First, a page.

The University of Chicago Medicine - Comer Children's Hospital

Department of Pediatrics 2017 Annual Report

Community Health Community Service & Science

Marc Thrasher with Bradley C. Stolbach, PhD, and Pearl Dick

Our mobile medical unit delivers preventive care to kids where they are

Patient Gianni Jefferson with Joan Reilly, APN, in the Mobile Medical Unit

Children and teens who bump up against barriers to medical care have more than their health at stake; they may miss or even drop out of school if they aren’t compliant with school requirements for vaccinations, physical exams and various health screenings. Comer Children’s Pediatric Mobile Medical Unit (MMU) travels to several Chicago elementary and high schools most days of the week to provide the primary care that allows kids to stay enrolled in school and to connect them with providers at Comer Children’s or in their communities for routine primary and subspecialty care.

The MMU—an RV with two full-size exam rooms—also attends to children’s and teens’ mental health. A social worker with Comer Children’s violence intervention program, Healing Hurt People–Chicago, provides specialized support in the MMU to kids who are recovering from the psychological and physical trauma of violent injury. A Comer Children’s social worker also provides mental health counseling on site at two Chicago schools. The mobile unit reaches even more kids with its health education classes. In the past year, a nurse practitioner provided health education for more than 850 students. And a collaboration with the Comer Children’s child psychiatry residents resulted in mental health education sessions for students and teachers.

When the MMU is not providing direct primary care to school kids—in 2017 there were over 750 medical encounters at schools—it is out in the community providing HIV and STI testing to teens and young adults, resulting in over 200 additional encounters. “We are breaking down barriers to care by going to where children and adolescents are, providing primary care, connecting them to needed medical services or helping them re-establish care with their primary care providers,” says Icy Cade-Bell, MD, medical director of the Pediatric Mobile Medical Unit.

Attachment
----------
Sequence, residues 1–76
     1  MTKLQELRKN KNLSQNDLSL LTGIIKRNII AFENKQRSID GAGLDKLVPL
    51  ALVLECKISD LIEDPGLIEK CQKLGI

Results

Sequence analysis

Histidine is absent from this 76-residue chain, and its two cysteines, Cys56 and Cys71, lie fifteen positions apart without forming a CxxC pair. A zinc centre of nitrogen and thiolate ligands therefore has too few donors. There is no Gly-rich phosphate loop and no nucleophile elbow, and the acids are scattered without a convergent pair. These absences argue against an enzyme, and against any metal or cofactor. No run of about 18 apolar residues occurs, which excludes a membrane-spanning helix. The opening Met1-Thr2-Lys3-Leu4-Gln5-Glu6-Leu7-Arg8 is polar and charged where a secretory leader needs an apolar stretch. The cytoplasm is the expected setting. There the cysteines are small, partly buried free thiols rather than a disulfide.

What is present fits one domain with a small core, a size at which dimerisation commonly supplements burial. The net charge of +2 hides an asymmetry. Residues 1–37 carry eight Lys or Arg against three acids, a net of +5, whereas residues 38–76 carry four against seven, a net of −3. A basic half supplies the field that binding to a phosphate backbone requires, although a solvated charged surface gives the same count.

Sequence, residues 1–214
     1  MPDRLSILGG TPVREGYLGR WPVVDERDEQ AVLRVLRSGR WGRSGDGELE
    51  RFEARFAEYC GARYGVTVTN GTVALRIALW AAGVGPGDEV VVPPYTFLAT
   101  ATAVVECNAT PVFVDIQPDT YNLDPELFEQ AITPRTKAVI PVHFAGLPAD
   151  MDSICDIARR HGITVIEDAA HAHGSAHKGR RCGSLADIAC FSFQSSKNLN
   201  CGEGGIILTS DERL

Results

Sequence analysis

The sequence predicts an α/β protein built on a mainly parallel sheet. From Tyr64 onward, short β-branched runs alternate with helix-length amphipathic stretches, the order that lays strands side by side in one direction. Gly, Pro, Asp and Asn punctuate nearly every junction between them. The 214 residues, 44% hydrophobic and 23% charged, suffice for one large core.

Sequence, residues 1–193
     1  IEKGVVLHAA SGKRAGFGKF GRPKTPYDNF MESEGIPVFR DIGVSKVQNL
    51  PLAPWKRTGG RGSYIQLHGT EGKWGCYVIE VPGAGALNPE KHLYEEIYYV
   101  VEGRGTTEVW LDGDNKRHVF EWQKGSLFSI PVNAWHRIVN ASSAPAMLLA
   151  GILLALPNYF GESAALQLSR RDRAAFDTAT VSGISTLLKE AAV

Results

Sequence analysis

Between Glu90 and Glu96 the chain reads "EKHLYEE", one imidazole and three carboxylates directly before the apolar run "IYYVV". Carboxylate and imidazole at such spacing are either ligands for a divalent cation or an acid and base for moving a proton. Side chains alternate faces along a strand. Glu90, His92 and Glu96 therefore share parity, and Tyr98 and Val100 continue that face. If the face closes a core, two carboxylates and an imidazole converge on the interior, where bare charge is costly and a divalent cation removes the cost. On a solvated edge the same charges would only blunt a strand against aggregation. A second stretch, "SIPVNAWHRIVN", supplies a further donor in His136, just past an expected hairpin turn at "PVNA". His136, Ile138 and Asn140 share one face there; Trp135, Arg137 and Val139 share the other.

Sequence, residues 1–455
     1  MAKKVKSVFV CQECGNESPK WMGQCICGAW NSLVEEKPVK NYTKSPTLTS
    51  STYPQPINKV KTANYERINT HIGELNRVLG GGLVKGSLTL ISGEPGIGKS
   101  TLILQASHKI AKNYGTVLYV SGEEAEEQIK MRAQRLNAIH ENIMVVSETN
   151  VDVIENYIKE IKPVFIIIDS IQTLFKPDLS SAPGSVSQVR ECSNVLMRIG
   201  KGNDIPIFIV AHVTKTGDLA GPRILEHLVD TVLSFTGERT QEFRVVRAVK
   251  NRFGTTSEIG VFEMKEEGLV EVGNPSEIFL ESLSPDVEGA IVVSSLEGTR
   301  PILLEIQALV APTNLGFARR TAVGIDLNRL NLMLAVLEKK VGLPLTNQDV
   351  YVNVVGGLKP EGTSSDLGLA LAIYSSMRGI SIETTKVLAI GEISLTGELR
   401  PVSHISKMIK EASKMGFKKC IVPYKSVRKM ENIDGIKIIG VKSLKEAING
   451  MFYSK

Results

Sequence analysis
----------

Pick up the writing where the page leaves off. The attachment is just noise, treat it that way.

Vulnerable youth in care must receive high-quality health services

Approximately 5,000 children in Cook County are wards of the state and live in foster care, now known as youth in care. These children have much higher rates of acute and chronic health conditions, mental issues and sporadic health care than the general population, says James W. Mitchell, MD.

Mitchell serves as medical director for both Comer Children’s ambulatory pediatrics and HealthWorks of Cook County. In the latter role, he is responsible for ensuring that youth in care receive timely, high-quality medical services, including an initial health assessment within 24 hours of being taken into protective custody, a more comprehensive evaluation within 21 days and the assignment of a primary care provider.

James Mitchell, MD, trains providers such as Jennifer Ziemianin, MD, at La Rabida Children's Hospital

As he began auditing the quality of health care for youth in care, Mitchell found that providers and caseworkers often misunderstood the purpose of the encounters, which meant that children weren’t always receiving important services, such as hearing and vision screening. In addition, there was a lack of documentation guides for providers, as well as feedback after providers completed the evaluations of youth in care.

In response, Mitchell consolidated the number of providers by creating a dozen network care sites in hospitals and emergency rooms across Cook County. Each site now receives orientation training, as well as feedback when health services are completed. As a result, more than 86 percent of youth in care in Cook County are now aligned with a network provider who has received the special orientation, compared to rates of 45 to 50 percent in prior years. In addition, clinically oriented audits and audit tools effectively monitor the services received by youth in care and identify sites needing reorientation.

New documentation tools detail expectations for providers and help child welfare workers more easily identify the services rendered and monitor provider compliance. Since these tools were put in place, vaccine compliance rates have risen from 70 to 86 percent. Standardized medical forms also have improved detection of chronic diseases in children. Asthma detection rates for youth in care are now at 15 percent versus the 4 percent usually found through school physicals.

Mitchell has positively impacted the health care of children in custody not just in Cook County, but throughout Illinois. Working with the Department of Children and Family Services (DCFS), he led an effort to include clinical health care data in the Statewide Automated Child Welfare Information System. He also helped create an electronic printout of the Health Passport, a child’s medical record for caregivers, to reduce the gaps in health care service.

“A strong component of my efforts has been quality improvement supported by strong data,” Mitchell says. He found that 45 percent of youth in care switch placements or providers within the first year of custody. This means DCFS and HealthWorks may not know where a child is receiving medical care and will likely send the child’s medical records to the wrong provider, resulting in missed or duplicated health services.

Next year, HealthWorks is launching a new service, the “medical home visit,” to facilitate a compassionate transition of health care for children within 60 days of a change in placement. “This is expected to provide critical information for new physicians and reduce errors, redundancies and gaps in care,” Mitchell says. “We can’t let these vulnerable children slip through the cracks.”

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